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Garcia de Orta
1499 or 1501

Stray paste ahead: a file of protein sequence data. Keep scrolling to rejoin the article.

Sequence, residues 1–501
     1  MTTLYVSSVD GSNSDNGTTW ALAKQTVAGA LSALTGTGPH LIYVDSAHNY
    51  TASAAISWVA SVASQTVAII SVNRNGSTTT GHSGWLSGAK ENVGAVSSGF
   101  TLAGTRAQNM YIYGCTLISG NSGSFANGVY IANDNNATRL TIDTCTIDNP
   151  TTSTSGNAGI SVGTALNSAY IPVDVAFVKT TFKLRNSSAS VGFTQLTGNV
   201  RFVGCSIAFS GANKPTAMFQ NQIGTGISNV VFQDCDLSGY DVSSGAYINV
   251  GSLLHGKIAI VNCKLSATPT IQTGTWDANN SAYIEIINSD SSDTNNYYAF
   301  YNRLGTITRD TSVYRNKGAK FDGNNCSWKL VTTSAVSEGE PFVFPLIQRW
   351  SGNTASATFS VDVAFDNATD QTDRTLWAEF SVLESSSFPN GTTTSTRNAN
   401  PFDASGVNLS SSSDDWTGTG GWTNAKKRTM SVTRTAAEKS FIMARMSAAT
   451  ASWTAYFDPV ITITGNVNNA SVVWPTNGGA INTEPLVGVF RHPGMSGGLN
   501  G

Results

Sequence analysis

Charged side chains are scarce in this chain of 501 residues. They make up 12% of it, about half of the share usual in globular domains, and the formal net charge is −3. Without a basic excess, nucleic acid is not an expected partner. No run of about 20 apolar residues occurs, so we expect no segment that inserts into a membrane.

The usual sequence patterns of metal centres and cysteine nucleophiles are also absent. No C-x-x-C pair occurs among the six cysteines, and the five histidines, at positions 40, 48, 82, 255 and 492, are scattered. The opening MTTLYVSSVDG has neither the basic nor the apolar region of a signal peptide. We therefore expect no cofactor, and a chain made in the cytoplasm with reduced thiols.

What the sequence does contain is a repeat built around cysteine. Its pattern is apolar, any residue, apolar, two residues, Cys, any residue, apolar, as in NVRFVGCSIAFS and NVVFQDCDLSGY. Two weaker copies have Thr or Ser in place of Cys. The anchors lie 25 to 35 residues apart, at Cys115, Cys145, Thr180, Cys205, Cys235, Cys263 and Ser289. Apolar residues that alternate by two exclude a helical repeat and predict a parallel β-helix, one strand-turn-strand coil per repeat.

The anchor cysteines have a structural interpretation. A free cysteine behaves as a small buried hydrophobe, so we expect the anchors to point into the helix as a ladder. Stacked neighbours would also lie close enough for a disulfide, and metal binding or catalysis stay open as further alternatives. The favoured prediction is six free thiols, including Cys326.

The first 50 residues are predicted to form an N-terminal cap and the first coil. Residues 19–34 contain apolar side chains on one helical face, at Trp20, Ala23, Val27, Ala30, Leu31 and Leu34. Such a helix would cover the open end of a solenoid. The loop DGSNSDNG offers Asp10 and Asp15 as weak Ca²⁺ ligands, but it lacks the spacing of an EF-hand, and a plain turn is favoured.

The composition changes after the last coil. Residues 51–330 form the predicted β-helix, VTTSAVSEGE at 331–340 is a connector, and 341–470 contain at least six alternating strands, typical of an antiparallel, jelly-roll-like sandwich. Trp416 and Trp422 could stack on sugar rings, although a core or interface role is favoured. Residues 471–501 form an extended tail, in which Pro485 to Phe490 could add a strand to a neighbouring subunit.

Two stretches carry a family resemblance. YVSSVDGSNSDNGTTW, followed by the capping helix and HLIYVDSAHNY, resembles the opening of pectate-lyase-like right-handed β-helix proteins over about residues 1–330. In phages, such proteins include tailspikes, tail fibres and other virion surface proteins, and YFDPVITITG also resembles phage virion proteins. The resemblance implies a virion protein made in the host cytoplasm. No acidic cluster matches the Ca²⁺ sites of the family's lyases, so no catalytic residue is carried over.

Garcia de Orta (or Garcia d'Orta) (1501? – 1568) was a Portuguese Renaissance Sephardi Jewish physician, herbalist and naturalist. He was a pioneer of tropical medicine, pharmacognosy and ethnobotany, working mainly in Goa, then a Portuguese overseas territory. Garcia de Orta used an experimental approach to the identification and use of herbal medicines rather than the traditional approach of using received knowledge. His magnum opus was a book on the simples (herbs used singly) and drugs published in 1563 Colóquios dos simples e drogas da India, the earliest treatise on the medicinal and economic plants of India. Carolus Clusius translated it into Latin which was widely used as a standard reference text on medicinal plants. Garcia de Orta died before the Inquisition began in Goa but in 1569 his sister was burnt at the stake for being a secret Jew and based on her confession his remains were later exhumed and burnt along with an effigy. Memorials recognizing his contributions have been built both in Portugal and India.
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